Long-standing traditions tell us unequivocally that horror games should be scary and only scary. And the more frightening they are, the more correct they are. Game Designer Erin Reynolds approached this issue from a different angle. She believes that the player must be made aware of the cause of the fear, then he will take something useful from the game into the real world.
Using a heart rate sensor, the game monitors the player's stress level at any given moment and adjusts to it on the fly. This does not mean that if the player is scared, then instead of a crowd of zombies, a dozen fluffy rabbits will jump out to meet him. Not. Horror - there is horror, just the level of intimidation will soften depending on the player's fear.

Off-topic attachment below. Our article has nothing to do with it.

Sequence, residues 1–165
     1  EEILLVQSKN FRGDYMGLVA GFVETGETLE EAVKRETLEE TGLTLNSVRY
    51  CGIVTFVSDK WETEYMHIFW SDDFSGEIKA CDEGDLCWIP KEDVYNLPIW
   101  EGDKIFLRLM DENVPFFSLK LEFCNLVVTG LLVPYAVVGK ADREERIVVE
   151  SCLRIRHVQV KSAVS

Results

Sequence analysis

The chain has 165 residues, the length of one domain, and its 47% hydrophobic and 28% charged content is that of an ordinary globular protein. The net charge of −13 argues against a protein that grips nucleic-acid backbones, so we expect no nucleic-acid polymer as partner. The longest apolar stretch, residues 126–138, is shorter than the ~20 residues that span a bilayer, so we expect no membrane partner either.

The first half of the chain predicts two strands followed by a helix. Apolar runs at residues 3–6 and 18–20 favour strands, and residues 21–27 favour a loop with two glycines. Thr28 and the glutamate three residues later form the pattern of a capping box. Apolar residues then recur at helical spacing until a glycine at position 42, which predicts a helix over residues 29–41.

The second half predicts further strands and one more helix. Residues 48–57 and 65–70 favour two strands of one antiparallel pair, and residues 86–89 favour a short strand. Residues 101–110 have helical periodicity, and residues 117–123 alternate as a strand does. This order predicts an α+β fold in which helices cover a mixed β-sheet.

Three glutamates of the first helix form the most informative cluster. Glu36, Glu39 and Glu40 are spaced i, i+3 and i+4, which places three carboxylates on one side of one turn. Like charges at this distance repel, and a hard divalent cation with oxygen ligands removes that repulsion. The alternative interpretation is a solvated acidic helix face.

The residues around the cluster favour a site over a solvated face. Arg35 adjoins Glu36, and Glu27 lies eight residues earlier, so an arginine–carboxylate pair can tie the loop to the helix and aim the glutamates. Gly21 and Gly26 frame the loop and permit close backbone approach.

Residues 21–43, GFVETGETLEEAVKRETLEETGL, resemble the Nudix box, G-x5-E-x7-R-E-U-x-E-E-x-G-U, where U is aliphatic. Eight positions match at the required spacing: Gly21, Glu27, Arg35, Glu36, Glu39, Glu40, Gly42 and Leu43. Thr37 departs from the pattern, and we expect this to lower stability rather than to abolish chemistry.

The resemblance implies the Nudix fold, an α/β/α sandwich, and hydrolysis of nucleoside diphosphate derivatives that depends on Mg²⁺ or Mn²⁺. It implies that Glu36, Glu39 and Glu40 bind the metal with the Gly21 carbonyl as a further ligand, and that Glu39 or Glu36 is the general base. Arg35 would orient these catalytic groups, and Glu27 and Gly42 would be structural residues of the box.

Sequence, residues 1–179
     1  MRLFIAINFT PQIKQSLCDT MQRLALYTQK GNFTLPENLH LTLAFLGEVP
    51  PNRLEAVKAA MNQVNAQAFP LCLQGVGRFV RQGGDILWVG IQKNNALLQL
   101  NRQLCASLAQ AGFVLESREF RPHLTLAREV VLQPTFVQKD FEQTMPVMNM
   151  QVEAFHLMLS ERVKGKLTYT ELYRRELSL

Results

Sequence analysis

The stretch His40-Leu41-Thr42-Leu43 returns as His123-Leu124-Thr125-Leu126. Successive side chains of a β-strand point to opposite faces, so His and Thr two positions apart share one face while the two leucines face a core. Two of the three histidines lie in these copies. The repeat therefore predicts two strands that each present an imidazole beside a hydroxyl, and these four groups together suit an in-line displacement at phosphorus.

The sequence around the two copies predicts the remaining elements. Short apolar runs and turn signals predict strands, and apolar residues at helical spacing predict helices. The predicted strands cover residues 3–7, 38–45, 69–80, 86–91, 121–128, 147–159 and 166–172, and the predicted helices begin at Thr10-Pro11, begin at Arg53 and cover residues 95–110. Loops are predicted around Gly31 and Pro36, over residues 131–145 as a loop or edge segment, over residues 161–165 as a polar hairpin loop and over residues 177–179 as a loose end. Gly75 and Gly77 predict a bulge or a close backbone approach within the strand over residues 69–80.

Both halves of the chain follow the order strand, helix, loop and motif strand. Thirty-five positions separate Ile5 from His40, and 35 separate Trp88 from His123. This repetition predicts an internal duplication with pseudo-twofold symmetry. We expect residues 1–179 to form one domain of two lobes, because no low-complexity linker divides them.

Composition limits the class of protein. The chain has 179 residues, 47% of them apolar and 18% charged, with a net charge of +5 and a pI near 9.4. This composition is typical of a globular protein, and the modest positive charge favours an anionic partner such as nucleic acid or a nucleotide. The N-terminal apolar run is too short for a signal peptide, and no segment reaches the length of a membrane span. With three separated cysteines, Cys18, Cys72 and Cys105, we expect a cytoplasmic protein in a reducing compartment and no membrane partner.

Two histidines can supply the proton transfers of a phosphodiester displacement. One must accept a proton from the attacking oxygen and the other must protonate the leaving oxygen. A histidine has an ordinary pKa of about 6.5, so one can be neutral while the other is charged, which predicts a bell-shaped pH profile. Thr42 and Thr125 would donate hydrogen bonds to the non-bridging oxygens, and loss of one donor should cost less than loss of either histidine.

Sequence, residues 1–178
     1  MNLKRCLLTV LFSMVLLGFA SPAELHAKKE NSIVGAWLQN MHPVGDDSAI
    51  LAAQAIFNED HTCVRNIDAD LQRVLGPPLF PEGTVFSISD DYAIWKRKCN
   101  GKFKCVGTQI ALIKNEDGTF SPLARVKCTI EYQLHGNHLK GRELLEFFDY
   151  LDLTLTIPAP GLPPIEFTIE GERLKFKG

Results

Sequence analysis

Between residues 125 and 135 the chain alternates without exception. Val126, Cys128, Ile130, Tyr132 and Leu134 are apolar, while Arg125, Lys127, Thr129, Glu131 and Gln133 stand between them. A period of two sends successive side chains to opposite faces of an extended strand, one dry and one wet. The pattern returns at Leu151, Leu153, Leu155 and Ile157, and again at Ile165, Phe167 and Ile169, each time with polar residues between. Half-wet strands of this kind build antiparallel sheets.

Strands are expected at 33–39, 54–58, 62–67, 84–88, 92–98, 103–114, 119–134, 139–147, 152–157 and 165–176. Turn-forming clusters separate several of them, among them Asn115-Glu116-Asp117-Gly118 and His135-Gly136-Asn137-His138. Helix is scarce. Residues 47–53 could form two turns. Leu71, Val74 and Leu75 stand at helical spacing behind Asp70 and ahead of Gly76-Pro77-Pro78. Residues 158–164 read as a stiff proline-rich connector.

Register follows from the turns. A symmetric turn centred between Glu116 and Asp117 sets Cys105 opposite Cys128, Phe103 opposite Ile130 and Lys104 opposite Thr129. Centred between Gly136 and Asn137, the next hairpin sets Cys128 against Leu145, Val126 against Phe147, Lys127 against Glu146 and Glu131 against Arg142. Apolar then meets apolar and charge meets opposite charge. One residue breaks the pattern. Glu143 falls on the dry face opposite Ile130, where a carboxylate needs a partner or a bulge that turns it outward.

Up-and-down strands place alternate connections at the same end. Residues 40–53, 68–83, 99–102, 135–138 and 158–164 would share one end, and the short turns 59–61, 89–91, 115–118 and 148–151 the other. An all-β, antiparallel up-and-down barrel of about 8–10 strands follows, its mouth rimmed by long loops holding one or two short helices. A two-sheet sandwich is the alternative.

If we talk about the game itself, called Nevermind, then its essence lies in the fact that you play as a new employee of the Neurostalgia Institute, who will immerse himself in the minds of people who have experienced various traumas and experience sometimes very specific memories.
At this stage, the game is just a one-hour graduation project, but Erin Reynolds hopes to get Kickstarter funding and release the full game by the end of 2014. Let's wish her good luck, because new ideas in the game world are always wonderful and interesting.